That said, I still enjoy the dialogue and not so much the action. And I still maintain, from my own experiences of other sorts of writing, that you could not produce that without having spent a lot of very careful attention to people, both people as active agents that talk and people as entities that actively take up and respond to films and other texts. Even if the dialogue is really about Tarantino himself, with no interest in exploring humanity more generally, which I'm perfectly willing to admit is the case. And I have trouble understanding how that sort of attention to people can happen in the absence of an interest in them as people, an empathy for them, a desire to know and show them primarily as subjects, not objects. That puzzlement, I think, was the basis of my questions, and still is.

But perhaps you are right as well that his approach to dialogue is not separate from his utilization of human bodies as objects to harm for the sake of entertainment, but rather completely contiguous with it...he is no more interested in people as people when he has them talk than when he has them decapitated by automobile, for example. They are bodies that are useful both to create context for action, and also purely as a mechanism to show himself off.

5 comments:

Lept said...

Good questions.

Benjamin said...

Hello,

I'm co-host of a Denver media watchblog called the Try-Works, which, I'm proud to say has drawn a little blood here and there amongst our locals. One of our primary foci has been the Denver media's neo-Stalinist smear of CU Professor Ward Churchill. I'm leaving this comment because you've shown some interest in either the Try-Works or Ward Churchill. If I've misjudged and you're interested in neither — my apologies.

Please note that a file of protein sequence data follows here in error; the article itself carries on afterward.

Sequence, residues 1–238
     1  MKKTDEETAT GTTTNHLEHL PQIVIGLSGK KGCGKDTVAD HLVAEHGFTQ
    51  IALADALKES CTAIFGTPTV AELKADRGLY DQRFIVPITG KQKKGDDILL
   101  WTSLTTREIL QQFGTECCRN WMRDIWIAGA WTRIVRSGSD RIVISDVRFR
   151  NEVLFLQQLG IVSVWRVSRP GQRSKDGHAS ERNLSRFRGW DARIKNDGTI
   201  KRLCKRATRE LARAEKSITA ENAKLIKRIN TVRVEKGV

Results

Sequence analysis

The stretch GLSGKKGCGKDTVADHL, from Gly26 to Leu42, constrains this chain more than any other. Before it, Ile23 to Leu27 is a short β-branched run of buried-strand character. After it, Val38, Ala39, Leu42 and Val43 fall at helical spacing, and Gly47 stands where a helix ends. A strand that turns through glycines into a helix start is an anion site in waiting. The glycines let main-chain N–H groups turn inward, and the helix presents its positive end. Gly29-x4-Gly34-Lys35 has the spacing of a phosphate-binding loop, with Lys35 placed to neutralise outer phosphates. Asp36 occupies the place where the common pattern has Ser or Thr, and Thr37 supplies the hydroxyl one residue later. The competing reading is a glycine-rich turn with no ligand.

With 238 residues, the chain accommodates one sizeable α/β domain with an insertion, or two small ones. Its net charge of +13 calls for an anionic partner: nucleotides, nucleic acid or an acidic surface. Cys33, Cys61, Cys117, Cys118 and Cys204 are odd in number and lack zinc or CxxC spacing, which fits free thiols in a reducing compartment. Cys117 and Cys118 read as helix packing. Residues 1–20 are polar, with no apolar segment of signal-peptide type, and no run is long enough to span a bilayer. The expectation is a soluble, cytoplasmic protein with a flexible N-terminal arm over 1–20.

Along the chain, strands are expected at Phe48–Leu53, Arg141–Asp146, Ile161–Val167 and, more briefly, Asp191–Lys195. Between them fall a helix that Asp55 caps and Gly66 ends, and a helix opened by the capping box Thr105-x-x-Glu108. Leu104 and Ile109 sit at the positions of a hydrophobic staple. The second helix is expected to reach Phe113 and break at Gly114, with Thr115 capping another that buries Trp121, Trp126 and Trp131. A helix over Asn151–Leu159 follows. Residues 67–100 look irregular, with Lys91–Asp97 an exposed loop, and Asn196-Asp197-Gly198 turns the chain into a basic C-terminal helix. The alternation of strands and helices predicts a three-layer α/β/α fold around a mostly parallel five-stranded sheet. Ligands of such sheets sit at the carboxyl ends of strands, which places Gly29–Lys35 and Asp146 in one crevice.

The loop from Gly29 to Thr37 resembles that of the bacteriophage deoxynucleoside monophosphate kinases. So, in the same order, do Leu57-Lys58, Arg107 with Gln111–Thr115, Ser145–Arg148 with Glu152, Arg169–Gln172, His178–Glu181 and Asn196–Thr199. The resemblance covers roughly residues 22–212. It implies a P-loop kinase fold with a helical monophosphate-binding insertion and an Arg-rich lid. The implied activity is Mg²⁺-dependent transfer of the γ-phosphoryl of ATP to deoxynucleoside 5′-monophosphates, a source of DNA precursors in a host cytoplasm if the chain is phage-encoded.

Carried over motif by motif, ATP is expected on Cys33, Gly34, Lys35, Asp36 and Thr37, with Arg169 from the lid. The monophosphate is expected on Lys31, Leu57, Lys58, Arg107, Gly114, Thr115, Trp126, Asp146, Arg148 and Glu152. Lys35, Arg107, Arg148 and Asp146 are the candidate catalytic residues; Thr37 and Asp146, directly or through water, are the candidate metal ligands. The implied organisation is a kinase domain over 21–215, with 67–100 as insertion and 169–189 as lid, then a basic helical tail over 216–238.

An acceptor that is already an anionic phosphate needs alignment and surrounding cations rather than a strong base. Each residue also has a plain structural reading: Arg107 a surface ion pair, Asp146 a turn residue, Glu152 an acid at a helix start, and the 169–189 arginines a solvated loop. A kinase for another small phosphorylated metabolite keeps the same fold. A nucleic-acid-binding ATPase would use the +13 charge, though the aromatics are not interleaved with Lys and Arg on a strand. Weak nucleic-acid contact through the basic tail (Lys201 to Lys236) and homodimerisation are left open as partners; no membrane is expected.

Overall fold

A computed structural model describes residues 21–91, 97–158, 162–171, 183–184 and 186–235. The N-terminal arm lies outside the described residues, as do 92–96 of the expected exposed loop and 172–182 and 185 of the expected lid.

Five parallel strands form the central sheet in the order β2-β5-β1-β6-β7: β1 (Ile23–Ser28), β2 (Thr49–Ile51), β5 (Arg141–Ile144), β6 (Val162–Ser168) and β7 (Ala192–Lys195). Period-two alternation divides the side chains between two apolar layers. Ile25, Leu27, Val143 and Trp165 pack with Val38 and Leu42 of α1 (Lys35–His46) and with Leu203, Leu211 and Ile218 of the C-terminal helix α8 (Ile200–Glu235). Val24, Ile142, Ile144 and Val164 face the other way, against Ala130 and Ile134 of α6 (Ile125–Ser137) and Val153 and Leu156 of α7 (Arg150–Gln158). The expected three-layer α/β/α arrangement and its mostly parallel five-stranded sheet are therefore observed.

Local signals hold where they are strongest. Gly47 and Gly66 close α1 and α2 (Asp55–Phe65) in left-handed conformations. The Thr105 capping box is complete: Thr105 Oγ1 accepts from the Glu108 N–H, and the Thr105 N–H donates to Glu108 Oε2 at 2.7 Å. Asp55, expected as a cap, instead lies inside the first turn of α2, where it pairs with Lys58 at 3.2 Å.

As you know, though Ward Churchill drew the right-wing's ire for questioning American exceptionalism, it was understood that attacking him for exercising his right to free speech might raise some uncomfortable questions. As such, the local media's coverage immediately took on a viciously personal bent, the main charge being that Professor Churchill wasn't a "real Indian."

Only two pieces of evidence have ever been offered that Churchill is an "ethnic fraud" — whatever that means.

1. A genealogical study in a June 8 Rocky Mountain News article, performed by an incredibly unqualified team made up of two anti-Churchill bloggers and a New Jersey cop. ( http://tinyurl.com/byp32)

2. The word of several people affiliated with a splinter offshoot of the American Indian Movement — primarily Suzan Shown Harjo, Vernon Bellecourt and Carole Standing Elk — who have a longstanding feud with Professor Churchill. Professor Churchill (along with Russell Means, John Trudell, Robert Robideau, Glenn Morris, George Tinker and others) have earned their lifelong enmity by contending that members of this group brutally raped and murdered a young American Indian activist. ( http://tinyurl.com/3av3sp)

Professor Churchill, on the other hand, has videotape of the United Keetoowah Band of Cherokee council discussing his membership application and affirming his every word. Videotape tape the UKB mailed Professor Churchill along with his enrollment card. Videotape which the Denver media knows of, and has chosen to ignore as inconvenient.